As November creeps in it’s time for some winter warmers. Sure to generate some heat is It’s A Scandal! Songs For Soho Blondes. Coinciding with the new Andrew Lloyd Webber musical Stephen Ward and the West End premiere of new play Keeler, both of which are based on the Profumo Affair, It’s A Scandal! recreates the heady world of Soho clubland, which was the milieu for many of the characters caught up in that story which went very public in 1963. Two of the 25 featured tracks are specifically Profumo-related: at the time of the scandal, independent record label Ember released the opportune satirical single “Christine”, credited to Miss X (actually Joyce Blair with producer John Barry), and the same label also released an EP of songs by Mandy Rice-Davies, an associate of Christine Keeler caught up in the unfolding story. The majority of tracks featured on It’s A Scandal! date from the late fifties/early sixties and are by female singers tackling often risqué material, including “Sex” by Shirley Bassey, “Roller Coaster Blues” by Diana Dors and “Be Not ‘Notty’” by Elke Sommer. Most of this material is hard to find on CD and it will be of considerable appeal to aficionados of burlesque repertoire. With cool jazz vocals, laidback piano and leering brass, this is strip club music, from the camp to the carnivorous! Sleeve notes come courtesy of Bob Stanley of Saint Etienne, who incidentally has just published a terrific book entitled Yeah Yeah Yeah: The Story Of Modern Pop.
If that hasn’t warmed you sufficiently, then how about the second instalment of The Forgotten 45s? The first rounded up 25 tracks apiece from the years 1957, 1958 and 1959, all judged by compiler Austin Powell to be contenders for the British Top 30, but in the eventuality failed to chart. Naturally, this has proved to be irresistible to those record collectors who have already scooped up the British Hit Parade series, and they will now welcome Austin’s return with another 3CD set The Forgotten 45s 1960-1962. “The tracklisting is spot-on,” enthused Vintage Rock about the 1957-1959 set, and HiFi World deemed it “fascinating stuff”. Well, both sets are now available, so judge for yourself.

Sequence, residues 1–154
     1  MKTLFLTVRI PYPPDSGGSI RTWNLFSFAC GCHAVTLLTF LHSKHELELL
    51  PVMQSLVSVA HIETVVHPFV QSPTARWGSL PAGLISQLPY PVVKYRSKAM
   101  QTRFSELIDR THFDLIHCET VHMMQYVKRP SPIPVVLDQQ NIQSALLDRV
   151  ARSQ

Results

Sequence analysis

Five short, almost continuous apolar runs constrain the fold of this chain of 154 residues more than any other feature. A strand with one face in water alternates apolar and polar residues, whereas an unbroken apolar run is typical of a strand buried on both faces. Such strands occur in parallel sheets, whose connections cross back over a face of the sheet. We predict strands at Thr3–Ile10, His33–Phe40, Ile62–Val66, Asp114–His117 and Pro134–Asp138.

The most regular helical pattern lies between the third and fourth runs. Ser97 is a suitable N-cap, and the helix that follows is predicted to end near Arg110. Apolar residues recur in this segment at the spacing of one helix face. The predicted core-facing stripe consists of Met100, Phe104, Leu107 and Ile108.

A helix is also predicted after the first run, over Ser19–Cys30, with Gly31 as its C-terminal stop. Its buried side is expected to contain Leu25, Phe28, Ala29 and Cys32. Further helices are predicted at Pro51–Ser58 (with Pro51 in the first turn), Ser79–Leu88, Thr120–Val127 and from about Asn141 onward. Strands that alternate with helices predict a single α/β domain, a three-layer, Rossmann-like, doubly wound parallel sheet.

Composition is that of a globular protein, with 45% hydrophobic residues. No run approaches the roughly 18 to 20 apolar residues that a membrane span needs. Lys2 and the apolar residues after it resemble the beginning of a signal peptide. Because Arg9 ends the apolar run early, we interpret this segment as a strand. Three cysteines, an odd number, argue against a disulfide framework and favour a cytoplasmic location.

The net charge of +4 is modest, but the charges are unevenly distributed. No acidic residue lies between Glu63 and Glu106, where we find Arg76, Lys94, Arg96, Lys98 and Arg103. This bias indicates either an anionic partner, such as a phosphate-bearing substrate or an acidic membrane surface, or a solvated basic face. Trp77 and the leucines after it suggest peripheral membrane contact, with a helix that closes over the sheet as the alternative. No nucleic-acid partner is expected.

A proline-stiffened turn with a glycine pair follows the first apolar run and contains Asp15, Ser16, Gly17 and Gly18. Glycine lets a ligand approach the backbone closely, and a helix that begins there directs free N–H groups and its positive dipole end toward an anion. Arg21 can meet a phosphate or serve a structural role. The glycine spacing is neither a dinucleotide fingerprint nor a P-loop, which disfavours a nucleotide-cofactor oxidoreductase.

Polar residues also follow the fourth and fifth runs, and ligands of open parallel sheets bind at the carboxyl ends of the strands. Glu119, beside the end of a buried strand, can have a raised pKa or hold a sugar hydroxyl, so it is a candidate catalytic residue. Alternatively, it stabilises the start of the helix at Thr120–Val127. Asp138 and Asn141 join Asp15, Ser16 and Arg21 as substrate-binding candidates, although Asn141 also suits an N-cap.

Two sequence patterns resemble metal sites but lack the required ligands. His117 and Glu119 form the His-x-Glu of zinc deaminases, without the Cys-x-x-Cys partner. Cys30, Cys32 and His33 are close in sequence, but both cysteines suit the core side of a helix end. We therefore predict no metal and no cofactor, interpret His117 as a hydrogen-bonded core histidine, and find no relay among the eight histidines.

Our third November release is also a sequel and continues Stuart Colman’s fascinating Road To Rock & Roll series, which highlights the wealth of trailblazing American recordings that surfaced in the UK ahead of the rock & roll explosion? The 2CD Road To Rock & Roll Vol. 2: Dangerous Liaisons takes the story up to 1953-1954, and has bagged the lead review slot in Now Dig This. According to their reviewer, Stuart’s compilation “serves to remind us that the road to rock n roll was well and truly open to traffic during 1953. The compilation closes with a trio of under-reissued gems that may well still be as obscure today as they were when first released here in 1954. A fascinating collection that’ll have you scratching your head in disbelief one moment, then itching to cut a rug the next.” Hot stuff indeed. And watch out for the third and final instalment No Stopping Us Now in February.